)- The number of Americans not in the labor force increased by 296,000 in February,
he thinks Americans can't read.
Here's the report: http://www.bls.gov/news.release/pdf/empsit.pd...
Employers add a stunning 236,000 jobs in Feb.
Paul Davidson, USA TODAY11:13a.m. EST March 8, 2013
March hiring sign
(Photo: Justin Sullivan Getty Images)
Unemployment rate drops to 7.7% from 7.9%
Employers added a much-better-than-expected 236,000 jobs in February as the labor market continued to shrug off a recent payroll tax hike and the prospect of big federal spending cuts.
The unemployment rate fell to 7.7% from 7.9%.
Analysis: Report shows economy's strengths
The consensus forecast of economists had estimated the economy added about 160,000 jobs in February.
Businesses added 246,000 jobs, while federal, state and local governments cut 10,000. Professional and business services, construction and health care led broad-based job gains.
The Labor Department revised down job gains for December and January by 15,000. December's net payroll jobs were revised up to 219,000 from 196,000, while January's were revised down to 119,000 from 157,000.
Some economists had been looking for strong gains after a report Thursday showed the number of Americans applying for unemployment benefits for the first time fell 7,000 to 340,000 in the latest week, and the four-week average of claims dipped to the lowest level in five years. Also, private payroll processor ADP estimated that businesses added 198,000 jobs last month.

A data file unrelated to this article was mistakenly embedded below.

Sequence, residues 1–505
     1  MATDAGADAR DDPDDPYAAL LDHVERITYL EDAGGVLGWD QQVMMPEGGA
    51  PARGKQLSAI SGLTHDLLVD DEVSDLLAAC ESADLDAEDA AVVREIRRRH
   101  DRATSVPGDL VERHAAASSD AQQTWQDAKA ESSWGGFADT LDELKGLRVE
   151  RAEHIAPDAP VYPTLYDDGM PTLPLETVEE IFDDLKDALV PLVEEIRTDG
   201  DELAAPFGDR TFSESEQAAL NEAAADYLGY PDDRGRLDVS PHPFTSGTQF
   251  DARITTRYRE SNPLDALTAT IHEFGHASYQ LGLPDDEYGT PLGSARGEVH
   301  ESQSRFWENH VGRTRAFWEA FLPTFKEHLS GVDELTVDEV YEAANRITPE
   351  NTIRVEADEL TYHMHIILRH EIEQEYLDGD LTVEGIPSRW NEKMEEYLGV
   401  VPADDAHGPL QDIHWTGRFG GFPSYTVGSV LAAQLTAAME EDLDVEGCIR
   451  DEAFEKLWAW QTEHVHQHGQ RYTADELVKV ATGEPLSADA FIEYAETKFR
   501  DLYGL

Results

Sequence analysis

Monthly job gains of 200,000 or more are typically needed to quickly bring down the unemployment rate. Job growth picked up last year to an average monthly pace of 181,000.
"We're slowly and steadily accelerating," says economist Joel Naroff of Naroff Economic Advisors. "The private side of the economy is in good shape. It's the public sector that's holding up" even stronger payroll growth.
Naroff expects average monthly job gains of 200,000-plus this year if the White House and Congress can agree to put off the budget cuts. If all the reductions occur, it likely would mean monthly gains of about 165,000, he says.
Business sentiment remains mixed amid the uncertainty in Washington. Thirty-three percent of executives plan to grow their staffs this year, 38% plan to reduce them and 29% expect no change, according to a first-quarter survey released this week by business group CEB.
In February, a broader gauge of distress in the job market — the underemployment rate — which includes discouraged Americans who have stopped looking for work and part-time workers who want full-time jobs, also fell in February to 14.3% from 14.4%.
Other signals were positive, too. The average workweek edged up to 34.5 hours from 34.4 hours in January. Employers often increase hours for existing employees before hiring. And average hourly earnings rose 4 cents to $23.82
Employers added 16,000 temporary workers. They typically add contingent workers before bringing on more permanent staff.